FRANKENSTEIN TAKES THE CAKE

A snort-inducing companion to 2006’s Frankenstein Makes a Sandwich, Rex’s return to horror-poetry finds the green-skinned monster getting ready for his wedding, complete with a comic-strip visit to his future mother-in-law (“I’m not trying to be mean, but I never thought my little girl would be marrying someone green”) and best man Dracula encountering garlic bread at the buffet. In between, Edgar Allan Poe struggles repeatedly to find a rhyme scheme, the Headless Horseman blogs about the difficulties of using a pumpkin for a head and a quartet of haiku celebrates Japanese monster cinema (“A winter wager: / Will Godzilla’s tongue freeze to / Mechagodzilla?”). It’s a dizzying pastiche of artistic and poetic styles that includes an advertisement for witch diet products (“...with only one bucket of water a day!”) and a faux-Peanuts Sunday strip featuring a Charlie Brown–like Dracula Jr. Some of the humor will resonate more with adults than kids, but there’s something in here for just about everyone—even a grouchy raven. (Picture book/poetry. 7-12)

Pub Date: Sept. 1, 2008

ISBN: 978-0-15-206235-4

Page Count: 40

Publisher: Harcourt

Review Posted Online: May 20, 2010

Kirkus Reviews Issue: Aug. 15, 2008

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Poet Alexander deftly reveals the power of the format to pack an emotional punch.

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THE CROSSOVER

Basketball-playing twins find challenges to their relationship on and off the court as they cope with changes in their lives.

Josh Bell and his twin, Jordan, aka JB, are stars of their school basketball team. They are also successful students, since their educator mother will stand for nothing else. As the two middle schoolers move to a successful season, readers can see their differences despite the sibling connection. After all, Josh has dreadlocks and is quiet on court, and JB is bald and a trash talker. Their love of the sport comes from their father, who had also excelled in the game, though his championship was achieved overseas. Now, however, he does not have a job and seems to have health problems the parents do not fully divulge to the boys. The twins experience their first major rift when JB is attracted to a new girl in their school, and Josh finds himself without his brother. This novel in verse is rich in character and relationships. Most interesting is the family dynamic that informs so much of the narrative, which always reveals, never tells. While Josh relates the story, readers get a full picture of major and minor players. The basketball action provides energy and rhythm for a moving story.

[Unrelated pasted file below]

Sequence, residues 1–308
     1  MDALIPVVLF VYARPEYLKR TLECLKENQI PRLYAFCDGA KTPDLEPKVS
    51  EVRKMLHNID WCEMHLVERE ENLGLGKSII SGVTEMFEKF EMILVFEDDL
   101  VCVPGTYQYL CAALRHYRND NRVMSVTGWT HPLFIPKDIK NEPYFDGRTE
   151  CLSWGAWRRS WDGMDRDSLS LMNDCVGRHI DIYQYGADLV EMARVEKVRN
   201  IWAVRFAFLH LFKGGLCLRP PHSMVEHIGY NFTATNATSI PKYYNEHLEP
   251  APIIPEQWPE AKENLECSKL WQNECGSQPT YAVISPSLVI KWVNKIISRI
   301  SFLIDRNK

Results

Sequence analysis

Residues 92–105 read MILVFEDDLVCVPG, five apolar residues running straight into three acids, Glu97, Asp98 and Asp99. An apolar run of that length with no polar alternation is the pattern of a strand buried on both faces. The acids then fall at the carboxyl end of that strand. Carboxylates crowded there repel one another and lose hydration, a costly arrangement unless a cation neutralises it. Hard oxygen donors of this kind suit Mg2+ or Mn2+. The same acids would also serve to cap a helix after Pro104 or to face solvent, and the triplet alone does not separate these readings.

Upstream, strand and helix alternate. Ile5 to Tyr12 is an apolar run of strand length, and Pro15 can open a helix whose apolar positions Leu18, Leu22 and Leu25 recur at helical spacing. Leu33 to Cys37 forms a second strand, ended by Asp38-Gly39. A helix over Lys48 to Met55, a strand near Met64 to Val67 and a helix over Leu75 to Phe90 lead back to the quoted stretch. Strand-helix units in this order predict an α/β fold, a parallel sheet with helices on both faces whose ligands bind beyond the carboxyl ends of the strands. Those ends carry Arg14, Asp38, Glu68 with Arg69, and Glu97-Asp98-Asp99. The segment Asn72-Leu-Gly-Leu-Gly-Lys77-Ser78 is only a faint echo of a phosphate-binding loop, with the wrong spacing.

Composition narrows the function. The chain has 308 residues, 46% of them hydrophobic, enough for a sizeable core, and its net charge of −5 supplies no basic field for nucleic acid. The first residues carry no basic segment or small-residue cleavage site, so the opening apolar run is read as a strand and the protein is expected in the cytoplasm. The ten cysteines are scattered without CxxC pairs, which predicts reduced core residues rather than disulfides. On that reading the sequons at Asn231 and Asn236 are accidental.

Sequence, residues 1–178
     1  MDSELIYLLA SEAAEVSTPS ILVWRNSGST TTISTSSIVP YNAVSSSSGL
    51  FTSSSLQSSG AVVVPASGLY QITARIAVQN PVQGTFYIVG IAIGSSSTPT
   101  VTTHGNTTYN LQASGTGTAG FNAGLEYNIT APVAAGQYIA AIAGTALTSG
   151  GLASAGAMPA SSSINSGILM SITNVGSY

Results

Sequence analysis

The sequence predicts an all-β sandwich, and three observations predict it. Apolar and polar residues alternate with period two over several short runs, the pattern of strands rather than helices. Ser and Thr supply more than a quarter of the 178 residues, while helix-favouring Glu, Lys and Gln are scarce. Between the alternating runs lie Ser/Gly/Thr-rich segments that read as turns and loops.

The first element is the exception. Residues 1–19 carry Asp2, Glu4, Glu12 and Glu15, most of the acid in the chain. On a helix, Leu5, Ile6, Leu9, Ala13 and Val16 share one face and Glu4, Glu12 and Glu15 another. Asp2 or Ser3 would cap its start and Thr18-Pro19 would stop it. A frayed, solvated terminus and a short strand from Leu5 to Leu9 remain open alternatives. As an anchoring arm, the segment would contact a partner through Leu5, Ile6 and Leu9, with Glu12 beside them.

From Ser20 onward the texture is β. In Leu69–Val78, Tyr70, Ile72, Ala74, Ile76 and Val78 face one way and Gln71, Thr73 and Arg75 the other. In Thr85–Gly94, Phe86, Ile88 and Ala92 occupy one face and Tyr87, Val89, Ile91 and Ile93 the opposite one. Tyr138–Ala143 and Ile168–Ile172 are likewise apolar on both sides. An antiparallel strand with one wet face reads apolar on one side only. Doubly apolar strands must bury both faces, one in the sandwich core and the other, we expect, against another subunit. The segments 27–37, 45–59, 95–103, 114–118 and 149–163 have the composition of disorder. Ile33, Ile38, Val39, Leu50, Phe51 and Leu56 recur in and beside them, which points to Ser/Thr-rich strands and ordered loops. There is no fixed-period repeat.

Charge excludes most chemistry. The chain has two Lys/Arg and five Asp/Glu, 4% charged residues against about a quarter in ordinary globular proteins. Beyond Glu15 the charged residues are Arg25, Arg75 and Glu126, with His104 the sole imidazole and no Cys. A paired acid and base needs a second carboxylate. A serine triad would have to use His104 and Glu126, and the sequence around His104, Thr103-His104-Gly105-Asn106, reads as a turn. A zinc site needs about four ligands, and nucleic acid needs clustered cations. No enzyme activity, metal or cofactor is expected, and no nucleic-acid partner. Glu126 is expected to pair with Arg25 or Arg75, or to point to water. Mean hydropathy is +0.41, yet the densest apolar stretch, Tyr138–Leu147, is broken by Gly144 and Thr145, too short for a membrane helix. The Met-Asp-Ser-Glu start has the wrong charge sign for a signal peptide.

Poet Alexander deftly reveals the power of the format to pack an emotional punch. (Verse fiction. 9-12)

Pub Date: March 18, 2014

ISBN: 978-0-544-10771-7

Page Count: 240

Publisher: HMH Books

Review Posted Online: Dec. 18, 2013

Kirkus Reviews Issue: Jan. 15, 2014

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POCKET POEMS

With an eye toward easy memorization, Katz gathers over 50 short poems from the likes of Emily Dickinson, Valerie Worth, Jack Prelutsky, and Lewis Carroll, to such anonymous gems as “The Burp”—“Pardon me for being rude. / It was not me, it was my food. / It got so lonely down below, / it just popped up to say hello.” Katz includes five of her own verses, and promotes an evident newcomer, Emily George, with four entries. Hafner surrounds every selection with fine-lined cartoons, mostly of animals and children engaged in play, reading, or other familiar activities. Amid the ranks of similar collections, this shiny-faced newcomer may not stand out—but neither will it drift to the bottom of the class. (Picture book/poetry. 7-9)

Pub Date: March 1, 2004

ISBN: 0-525-47172-3

Page Count: 32

Publisher: Dutton

Review Posted Online: May 20, 2010

Kirkus Reviews Issue: Feb. 15, 2004

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